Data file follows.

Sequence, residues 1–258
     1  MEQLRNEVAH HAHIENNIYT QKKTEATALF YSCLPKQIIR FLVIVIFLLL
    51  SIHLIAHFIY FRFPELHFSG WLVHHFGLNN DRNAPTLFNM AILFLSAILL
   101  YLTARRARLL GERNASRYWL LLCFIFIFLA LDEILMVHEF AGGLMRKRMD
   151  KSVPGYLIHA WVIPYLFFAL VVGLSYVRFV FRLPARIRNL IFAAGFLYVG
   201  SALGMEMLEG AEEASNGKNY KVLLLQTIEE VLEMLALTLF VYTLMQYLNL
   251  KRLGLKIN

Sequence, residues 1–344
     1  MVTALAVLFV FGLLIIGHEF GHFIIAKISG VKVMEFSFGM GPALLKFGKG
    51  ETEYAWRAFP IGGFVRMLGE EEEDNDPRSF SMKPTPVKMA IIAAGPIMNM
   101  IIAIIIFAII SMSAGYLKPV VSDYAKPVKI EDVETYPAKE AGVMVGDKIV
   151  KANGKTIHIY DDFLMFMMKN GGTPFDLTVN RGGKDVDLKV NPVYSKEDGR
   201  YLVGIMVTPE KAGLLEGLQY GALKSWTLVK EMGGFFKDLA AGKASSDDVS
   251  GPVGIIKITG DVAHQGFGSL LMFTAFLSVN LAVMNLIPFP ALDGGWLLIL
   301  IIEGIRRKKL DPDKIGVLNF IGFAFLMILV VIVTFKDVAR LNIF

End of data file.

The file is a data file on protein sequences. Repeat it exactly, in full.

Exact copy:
Sequence, residues 1–258
     1  MEQLRNEVAH HAHIENNIYT QKKTEATALF YSCLPKQIIR FLVIVIFLLL
    51  SIHLIAHFIY FRFPELHFSG WLVHHFGLNN DRNAPTLFNM AILFLSAILL
   101  YLTARRARLL GERNASRYWL LLCFIFIFLA LDEILMVHEF AGGLMRKRMD
   151  KSVPGYLIHA WVIPYLFFAL VVGLSYVRFV FRLPARIRNL IFAAGFLYVG
   201  SALGMEMLEG AEEASNGKNY KVLLLQTIEE VLEMLALTLF VYTLMQYLNL
   251  KRLGLKIN

Sequence, residues 1–344
     1  MVTALAVLFV FGLLIIGHEF GHFIIAKISG VKVMEFSFGM GPALLKFGKG
    51  ETEYAWRAFP IGGFVRMLGE EEEDNDPRSF SMKPTPVKMA IIAAGPIMNM
   101  IIAIIIFAII SMSAGYLKPV VSDYAKPVKI EDVETYPAKE AGVMVGDKIV
   151  KANGKTIHIY DDFLMFMMKN GGTPFDLTVN RGGKDVDLKV NPVYSKEDGR
   201  YLVGIMVTPE KAGLLEGLQY GALKSWTLVK EMGGFFKDLA AGKASSDDVS
   251  GPVGIIKITG DVAHQGFGSL LMFTAFLSVN LAVMNLIPFP ALDGGWLLIL
   301  IIEGIRRKKL DPDKIGVLNF IGFAFLMILV VIVTFKDVAR LNIF